Angular distributions were calculated for photodissociation into the CH3 + I* and CH3 + I product channels in order to investigate the behavior of these distributions when Δt is varied. In the absence of any conical intersection in between excited states, the only contribution to the I* channel angular distribution would come from the 3Q0 state, while in the case of the I channel the angular distribution would be the sum of the contributions produced upon dissociation through both the 1Q1 and 3Q1 electronic states. The angular distributions obtained for both dissociation channels were fitted to the familiar expression61

 
image file: c9cp01214a-t39.tif(11)
where σ is the absorption cross section, β is the anisotropy parameter, and P2(cos[thin space (1/6-em)]θR) is the second order Legendre polynomial. From the fits of the angular distributions to eqn (11), the values of β are obtained for the two dissociation channels as the time delay between the two pulses is varied. The 3Q0[X with combining tilde]1A1 transition is a parallel one, while the 1Q1[X with combining tilde]1A1 and 3Q1[X with combining tilde]1A1 transitions have a perpendicular character. This implies that in the absence of a conical intersection, the angular distributions produced through the I* and I channels would have associated parameters β = 2 and β = −1, respectively. However, the existence of a conical intersection that couples 3Q0 and 1Q1 allows transfer of population from one state to the other (in both directions), causing a mix of characters that may produce values of the anisotropy parameter β < 2 and β > −1, for the I* and I channels, respectively. As we shall see below, this transfer of population through the conical intersection is what makes possible the control over the angular distributions by changing the initial population of the three excited electronic states when Δt is varied.

The β parameters associated with the angular distributions of the I* and I channels are shown vs. Δt in the (c) and (d) panels of Fig. 4 and Fig. S1, S2 (ESI) for ν′ = 0–2, respectively. Not surprisingly, the anisotropy parameters for both dissociation channels display a similar structure of oscillations to those found in the upper panels for the populations and the branching ratios. In the case of the I* channel, the oscillating values of β are very close to 2, reflecting the parallel character of the 3Q0[X with combining tilde]1A1 transition, and the fact that little population is transferred from the 1Q1 state through the conical intersection across all the range of Δt investigated. Consistently with this small contribution of the 1Q1 population the variation of the I* channel β with Δt is rather small, the largest variations being from 1.84 to 1.94 for ν = 0, from ∼1.965 to ∼1.985 for ν = 1, and from ∼1.865 to ∼1.92 for ν = 2. Such small variations imply very little (or negligible) control of the I* channel angular distribution.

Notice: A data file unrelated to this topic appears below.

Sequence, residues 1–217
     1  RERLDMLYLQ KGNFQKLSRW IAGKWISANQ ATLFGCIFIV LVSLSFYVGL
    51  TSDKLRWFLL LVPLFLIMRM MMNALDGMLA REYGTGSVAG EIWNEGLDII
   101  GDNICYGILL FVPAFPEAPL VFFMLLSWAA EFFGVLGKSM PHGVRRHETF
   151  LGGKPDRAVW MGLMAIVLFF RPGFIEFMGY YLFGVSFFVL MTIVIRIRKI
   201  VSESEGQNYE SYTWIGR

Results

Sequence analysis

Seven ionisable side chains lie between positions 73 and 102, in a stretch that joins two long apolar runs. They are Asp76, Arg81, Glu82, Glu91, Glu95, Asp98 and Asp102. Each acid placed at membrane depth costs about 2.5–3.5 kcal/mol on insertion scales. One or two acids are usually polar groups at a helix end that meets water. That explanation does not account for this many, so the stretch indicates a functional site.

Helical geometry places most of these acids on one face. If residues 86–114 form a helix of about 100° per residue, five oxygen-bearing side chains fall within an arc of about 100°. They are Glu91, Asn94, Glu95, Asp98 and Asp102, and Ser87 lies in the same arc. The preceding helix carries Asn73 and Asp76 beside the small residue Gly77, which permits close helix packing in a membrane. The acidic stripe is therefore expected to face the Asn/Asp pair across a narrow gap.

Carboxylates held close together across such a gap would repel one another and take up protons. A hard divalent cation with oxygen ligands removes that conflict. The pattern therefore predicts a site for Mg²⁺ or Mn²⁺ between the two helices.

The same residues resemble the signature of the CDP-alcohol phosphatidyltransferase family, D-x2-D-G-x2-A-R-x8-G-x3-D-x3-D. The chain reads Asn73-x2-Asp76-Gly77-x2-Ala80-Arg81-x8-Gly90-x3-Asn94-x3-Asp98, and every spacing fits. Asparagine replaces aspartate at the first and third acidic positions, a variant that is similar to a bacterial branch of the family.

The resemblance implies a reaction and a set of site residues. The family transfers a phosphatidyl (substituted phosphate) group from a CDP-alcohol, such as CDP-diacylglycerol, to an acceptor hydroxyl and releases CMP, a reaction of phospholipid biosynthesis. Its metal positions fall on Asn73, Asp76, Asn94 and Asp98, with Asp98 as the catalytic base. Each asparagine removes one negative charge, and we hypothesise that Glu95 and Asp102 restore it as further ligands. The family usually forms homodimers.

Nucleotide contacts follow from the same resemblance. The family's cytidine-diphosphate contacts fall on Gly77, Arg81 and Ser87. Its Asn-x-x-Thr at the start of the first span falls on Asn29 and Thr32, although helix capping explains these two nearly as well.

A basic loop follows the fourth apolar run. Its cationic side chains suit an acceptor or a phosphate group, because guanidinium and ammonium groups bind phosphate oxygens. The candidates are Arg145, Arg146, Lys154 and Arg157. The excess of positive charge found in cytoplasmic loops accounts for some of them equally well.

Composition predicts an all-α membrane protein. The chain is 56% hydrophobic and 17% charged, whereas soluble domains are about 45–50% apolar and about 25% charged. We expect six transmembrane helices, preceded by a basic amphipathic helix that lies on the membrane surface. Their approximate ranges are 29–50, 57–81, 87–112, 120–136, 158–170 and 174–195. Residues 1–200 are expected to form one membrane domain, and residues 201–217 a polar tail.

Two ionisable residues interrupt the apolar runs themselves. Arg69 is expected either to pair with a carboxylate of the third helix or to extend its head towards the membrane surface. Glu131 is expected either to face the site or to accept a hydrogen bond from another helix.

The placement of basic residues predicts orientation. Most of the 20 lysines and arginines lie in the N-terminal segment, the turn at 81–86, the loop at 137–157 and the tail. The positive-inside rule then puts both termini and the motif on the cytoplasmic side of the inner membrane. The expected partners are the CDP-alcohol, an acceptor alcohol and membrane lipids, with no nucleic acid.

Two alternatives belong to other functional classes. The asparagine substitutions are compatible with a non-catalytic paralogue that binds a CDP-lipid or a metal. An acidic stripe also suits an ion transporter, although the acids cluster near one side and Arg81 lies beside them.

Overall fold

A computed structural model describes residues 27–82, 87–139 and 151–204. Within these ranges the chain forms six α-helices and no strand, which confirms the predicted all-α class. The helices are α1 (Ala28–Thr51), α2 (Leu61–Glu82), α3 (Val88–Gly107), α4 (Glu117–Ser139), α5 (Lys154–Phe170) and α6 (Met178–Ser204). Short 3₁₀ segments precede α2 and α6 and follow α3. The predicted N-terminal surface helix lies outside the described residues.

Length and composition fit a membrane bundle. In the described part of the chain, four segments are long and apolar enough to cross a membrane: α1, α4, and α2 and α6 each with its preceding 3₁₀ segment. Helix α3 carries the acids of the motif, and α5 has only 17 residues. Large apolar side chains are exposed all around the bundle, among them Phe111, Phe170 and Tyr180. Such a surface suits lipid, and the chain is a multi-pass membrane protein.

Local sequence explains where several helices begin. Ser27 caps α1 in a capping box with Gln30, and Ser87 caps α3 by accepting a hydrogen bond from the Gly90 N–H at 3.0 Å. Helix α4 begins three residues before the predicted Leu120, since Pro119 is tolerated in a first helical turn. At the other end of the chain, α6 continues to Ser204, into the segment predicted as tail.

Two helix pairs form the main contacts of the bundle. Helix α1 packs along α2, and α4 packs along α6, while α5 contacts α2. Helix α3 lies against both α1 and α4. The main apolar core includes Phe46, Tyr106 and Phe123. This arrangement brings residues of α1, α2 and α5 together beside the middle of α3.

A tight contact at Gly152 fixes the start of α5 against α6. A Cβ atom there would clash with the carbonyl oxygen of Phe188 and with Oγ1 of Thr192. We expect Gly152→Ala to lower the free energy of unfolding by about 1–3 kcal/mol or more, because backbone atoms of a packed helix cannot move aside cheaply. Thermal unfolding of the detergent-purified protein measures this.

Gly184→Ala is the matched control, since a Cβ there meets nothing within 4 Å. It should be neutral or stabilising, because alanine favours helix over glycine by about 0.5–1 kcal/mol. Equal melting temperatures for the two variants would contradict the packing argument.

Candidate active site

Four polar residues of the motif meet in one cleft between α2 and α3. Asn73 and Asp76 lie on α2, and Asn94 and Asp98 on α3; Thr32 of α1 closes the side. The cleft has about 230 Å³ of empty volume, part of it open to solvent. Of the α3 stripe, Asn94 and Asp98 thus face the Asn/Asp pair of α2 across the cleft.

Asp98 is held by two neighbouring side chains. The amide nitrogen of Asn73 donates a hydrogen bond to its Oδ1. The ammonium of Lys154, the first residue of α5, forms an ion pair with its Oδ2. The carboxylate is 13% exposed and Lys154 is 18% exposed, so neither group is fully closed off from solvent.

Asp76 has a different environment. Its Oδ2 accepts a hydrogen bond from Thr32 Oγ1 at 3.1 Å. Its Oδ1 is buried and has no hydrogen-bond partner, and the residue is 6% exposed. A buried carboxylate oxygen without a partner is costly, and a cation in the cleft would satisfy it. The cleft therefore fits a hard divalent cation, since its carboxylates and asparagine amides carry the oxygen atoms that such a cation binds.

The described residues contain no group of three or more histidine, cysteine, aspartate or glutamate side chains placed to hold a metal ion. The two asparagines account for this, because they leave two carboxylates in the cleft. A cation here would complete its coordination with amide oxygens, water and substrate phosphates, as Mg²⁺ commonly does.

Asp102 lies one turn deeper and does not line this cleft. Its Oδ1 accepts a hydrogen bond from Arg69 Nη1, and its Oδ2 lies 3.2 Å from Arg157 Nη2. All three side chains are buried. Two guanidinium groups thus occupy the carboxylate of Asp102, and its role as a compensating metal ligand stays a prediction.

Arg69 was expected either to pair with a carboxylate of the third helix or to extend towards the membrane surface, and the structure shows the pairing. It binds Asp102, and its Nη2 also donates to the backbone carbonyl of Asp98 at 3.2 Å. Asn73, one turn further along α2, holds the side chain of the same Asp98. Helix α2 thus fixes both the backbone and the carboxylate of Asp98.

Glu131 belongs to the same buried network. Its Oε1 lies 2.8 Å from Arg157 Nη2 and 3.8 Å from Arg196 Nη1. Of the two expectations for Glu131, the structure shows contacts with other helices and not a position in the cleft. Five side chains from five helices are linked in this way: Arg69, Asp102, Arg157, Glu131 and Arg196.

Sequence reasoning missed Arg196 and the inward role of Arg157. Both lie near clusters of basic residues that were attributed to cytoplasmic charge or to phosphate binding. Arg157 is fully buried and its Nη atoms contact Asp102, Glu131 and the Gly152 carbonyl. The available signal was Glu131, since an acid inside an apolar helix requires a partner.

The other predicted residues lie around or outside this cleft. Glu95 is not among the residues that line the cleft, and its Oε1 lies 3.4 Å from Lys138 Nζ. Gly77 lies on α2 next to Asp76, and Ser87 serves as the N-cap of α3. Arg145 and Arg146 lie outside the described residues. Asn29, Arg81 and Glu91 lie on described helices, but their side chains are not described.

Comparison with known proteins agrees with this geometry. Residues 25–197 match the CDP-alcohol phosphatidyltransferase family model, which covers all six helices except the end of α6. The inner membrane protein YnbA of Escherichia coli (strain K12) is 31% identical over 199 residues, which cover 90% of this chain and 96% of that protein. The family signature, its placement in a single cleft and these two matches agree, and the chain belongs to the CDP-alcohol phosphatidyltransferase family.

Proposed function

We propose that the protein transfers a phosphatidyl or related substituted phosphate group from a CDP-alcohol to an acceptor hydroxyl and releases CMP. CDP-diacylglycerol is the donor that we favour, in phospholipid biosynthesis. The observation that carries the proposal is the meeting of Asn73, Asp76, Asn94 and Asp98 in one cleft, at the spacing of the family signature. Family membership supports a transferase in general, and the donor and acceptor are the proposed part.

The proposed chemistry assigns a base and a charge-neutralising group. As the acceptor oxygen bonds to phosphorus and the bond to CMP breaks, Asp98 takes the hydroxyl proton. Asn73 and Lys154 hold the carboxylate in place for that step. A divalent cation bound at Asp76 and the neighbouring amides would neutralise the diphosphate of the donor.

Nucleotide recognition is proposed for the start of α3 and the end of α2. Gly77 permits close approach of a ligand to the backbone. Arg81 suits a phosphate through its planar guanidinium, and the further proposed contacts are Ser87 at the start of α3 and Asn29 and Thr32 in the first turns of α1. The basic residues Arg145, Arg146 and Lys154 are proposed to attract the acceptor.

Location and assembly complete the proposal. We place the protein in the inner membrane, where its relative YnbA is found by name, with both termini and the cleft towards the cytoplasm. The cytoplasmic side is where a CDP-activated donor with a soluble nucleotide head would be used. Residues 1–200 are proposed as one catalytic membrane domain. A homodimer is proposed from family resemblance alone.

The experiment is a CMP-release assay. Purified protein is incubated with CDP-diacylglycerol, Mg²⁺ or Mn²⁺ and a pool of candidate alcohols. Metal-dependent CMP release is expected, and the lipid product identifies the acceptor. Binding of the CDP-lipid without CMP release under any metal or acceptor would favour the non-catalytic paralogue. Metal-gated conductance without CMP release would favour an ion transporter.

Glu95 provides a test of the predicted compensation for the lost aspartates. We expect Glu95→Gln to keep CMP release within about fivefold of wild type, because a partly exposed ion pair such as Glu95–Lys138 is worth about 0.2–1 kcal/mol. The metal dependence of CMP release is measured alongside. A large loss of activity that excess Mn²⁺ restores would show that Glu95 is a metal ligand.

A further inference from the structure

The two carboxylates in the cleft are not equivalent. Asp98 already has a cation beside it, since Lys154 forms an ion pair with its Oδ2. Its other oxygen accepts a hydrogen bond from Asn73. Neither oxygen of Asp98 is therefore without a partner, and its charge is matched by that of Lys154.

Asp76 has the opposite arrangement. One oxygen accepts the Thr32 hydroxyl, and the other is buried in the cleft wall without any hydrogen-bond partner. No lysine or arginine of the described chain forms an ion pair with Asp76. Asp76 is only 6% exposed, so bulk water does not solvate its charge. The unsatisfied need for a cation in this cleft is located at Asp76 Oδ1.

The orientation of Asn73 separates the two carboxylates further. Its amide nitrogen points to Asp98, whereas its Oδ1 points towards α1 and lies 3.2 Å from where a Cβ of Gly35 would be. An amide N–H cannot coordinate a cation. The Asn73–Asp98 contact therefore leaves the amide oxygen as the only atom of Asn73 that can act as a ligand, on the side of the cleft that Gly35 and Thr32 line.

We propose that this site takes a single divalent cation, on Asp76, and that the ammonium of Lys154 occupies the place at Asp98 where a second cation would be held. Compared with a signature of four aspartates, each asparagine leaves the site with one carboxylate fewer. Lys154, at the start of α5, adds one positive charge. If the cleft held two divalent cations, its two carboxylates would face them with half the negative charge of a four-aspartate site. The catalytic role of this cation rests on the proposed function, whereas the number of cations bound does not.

The situation, however, is quite different for the I dissociation channel. Indeed the β parameter for this channel shows remarkably larger variations with Δt. The reason is that in the CH3I excitation, the 3Q0 state is the most populated one (as shown by the absorption spectrum of Fig. 2), and thus the fraction of this population that is transferred to the 1Q1 state through the conical intersection is large enough to cause substantial changes in the angular distribution of the I channel. The largest variations found are from −0.4 to 0.3 for ν′ = 0, from ≈−0.4 to ≈0.2 for ν′ = 1, and from ≈−0.4 to ≈0.1 for ν′ = 2. Those variations imply large changes in the exit angle of the photoproducts, and thus a large degree of control of the angular distribution of the I channel.

It is interesting to note that for the three vibrational states of the CH3 fragment, the shape of the β dependence on Δt is very similar for the two dissociation channels, with coinciding positions of the maxima and minima. Moreover, the shape of the two β curves is also very similar to the shape of the corresponding I*/I ratio as a function of Δt, showing three distinct regions, with the most intense oscillations appearing at intermediate Δt values. The coincidence in the shape of the branching ratio and β curves seems to support that their trend is determined by the behavior of the interference cos(ωΔt) term as Δt increases, as discussed above. A close or even exact coincidence (for most of the points) in the position of the maxima and minima of the β curves with those of the branching ratio is found. Such a correlation is not very surprising since when the I*/I ratio reaches a maximum (involving an increase of the I* population), it is expected that the β value of the I* and I channels will also reach a maximum (i.e., becoming closer to 2 and more positive for the I* and I channels, respectively), while when the I*/I ratio reaches a minimum (decreasing the I* population) the expected result is also a minimum of the two β parameters (i.e., becoming farther away from 2 and less positive for the I* and I channels, respectively). The important implication is that by controlling the initial relative population of the different excited electronic states, it is possible to control the photodissociation output of all the observables affected by those states.